Saturday, March 7, 2015

The Second Birmingham Central Library (1879-1973)

Birmingham's first Central Library and Art Gallery opened in 1865, but most of the building burned down in a fire in early January 1879. Rebuilding started almost immediately, using the remaining shell and pillars of the original library.

Opening of the first Birmingham Central Library, 1865

Remnants of the first Birmingham Central Library after the fire of 1879

The new Central Reference and Lending Libraries were designed by the architects William Martin and John Henry Chamberlain and opened in 1882. Salviati and Burke provided mosaic work for parts of the building.

Completely new, the Italianate red brick portion facing Edmund Street housed the Shakespeare Library designed by Chamberlain. The floral frieze above the second-story windows and the geometric patterns inside medallions above the first-story windows were made of mosaics.

 Facade of the Shakespeare Library

Due to both a lack of space (the building was designed for 30,000 books and by the 1970s stored 750,000) and a need for new road construction, the second Birmingham Central Library was demolished in 1973. Construction had started on its successor in 1970, which opened in January 1974 and still stands today.

The interior of the Shakespeare Memorial Library is the only part of the second library which survived. It was dismantled and then reassembled within the new building.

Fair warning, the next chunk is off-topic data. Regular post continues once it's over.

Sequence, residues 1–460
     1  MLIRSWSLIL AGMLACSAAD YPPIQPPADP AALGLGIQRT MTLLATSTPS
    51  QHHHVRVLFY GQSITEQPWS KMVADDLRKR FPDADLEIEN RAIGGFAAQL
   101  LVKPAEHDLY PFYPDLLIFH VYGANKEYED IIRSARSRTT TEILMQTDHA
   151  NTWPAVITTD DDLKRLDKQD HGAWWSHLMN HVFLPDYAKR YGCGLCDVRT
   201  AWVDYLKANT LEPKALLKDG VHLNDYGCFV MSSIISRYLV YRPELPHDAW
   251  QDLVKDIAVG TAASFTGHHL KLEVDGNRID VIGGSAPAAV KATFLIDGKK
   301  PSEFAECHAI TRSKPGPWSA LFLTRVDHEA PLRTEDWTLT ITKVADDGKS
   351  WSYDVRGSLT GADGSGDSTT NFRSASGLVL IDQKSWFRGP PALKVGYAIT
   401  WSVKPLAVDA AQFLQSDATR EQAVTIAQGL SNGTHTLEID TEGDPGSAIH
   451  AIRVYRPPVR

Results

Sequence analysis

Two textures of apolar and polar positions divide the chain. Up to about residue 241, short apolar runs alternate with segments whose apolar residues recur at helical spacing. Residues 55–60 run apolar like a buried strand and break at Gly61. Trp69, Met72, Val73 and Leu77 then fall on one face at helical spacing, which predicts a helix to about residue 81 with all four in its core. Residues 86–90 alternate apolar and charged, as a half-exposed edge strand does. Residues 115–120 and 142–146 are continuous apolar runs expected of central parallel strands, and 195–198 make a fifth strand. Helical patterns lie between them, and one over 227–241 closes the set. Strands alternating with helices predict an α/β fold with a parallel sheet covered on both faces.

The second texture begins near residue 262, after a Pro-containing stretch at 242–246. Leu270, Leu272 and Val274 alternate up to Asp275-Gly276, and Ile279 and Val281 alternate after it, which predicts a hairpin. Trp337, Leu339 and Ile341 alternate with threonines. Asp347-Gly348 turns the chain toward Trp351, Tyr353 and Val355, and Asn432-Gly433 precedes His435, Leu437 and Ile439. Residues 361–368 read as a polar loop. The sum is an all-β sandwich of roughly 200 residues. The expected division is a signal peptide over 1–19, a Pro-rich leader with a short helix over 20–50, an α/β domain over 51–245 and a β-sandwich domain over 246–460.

The Shakespeare Memorial Library today

"The Birmingham Free Library." The Building News and Engineering Journal. Vol 42. June 2, 1882. 664.
"Birmingham Central Library (1879-1973)." Birmingham City Council.
Birmingham Forum

Thursday, February 12, 2015

St. Mark's Church, Hamilton Terrace

This Gothic style church by Thomas Cundy was consecrated in 1847. The architect's son Thomas Cundy II finished the spire in 1864. E.B. Ferrey also added a new chancel in 1878.

The Venice and Murano Mosaic Company made the six mosaic panels for the pulpit around 1879. They depict the Four Evangelists flanking Sts. Peter and Paul.

The Builder. July 26, 1879. 842.
Speel, Bob. St. Mark's Hamilton Terrace - A Church with Mosaics. 
"Church of St. Mark, Hamilton Terrace". English Heritage.
Images of England: Church of St. Mark Hamilton Terrace. English Heritage.

Monday, February 9, 2015

Grand Hotel, Trafalgar Square

London's Grand Hotel was designed by F & H Francis and James Ebenezer Saunders. This team also designed London's Metropole Hotel in 1883.

Salviati decorated the six-story, Italianate hotel, which opened in Trafalgar Square in 1880 with mosaic work.

Circa 1910

The original building was taken over by the British government in World War I to house military officers.  By 1972, not only had the stone facade weathered, but the whole building was damaged by the new Jubilee subway line. It was demolished in 1986 and replaced with the similarly styled Grand Buildings (housing the current Grand Hotel) designed by Sidell Gibson Partnership.

"Earthenware and Porcelain: No. VIII Mosaic Work and Stone-ware." The Furniture Gazette. July 10, 1880. 18.
Antique Print of the Opening of the Grand Hotel. Amazon.
Vintage Everyday. July 4, 2014. 
Exhibition of the Royal Academy. 1878. 44.
Royal Institute of British Architects. Riba1680 Grand Hotel, Charing Cross, London. 1879.
Calder, I.C. "Grand Buildings, Trafalgar Square, London WC2." Proceedings of the ICE - Civil Engineering, Volume 97, Issue 3, 01 August 1993, pages 127 –134.
Hotel Metropole, St. Croix Architecture.

Saturday, February 7, 2015

Marquess of Westminster Memorial Fountain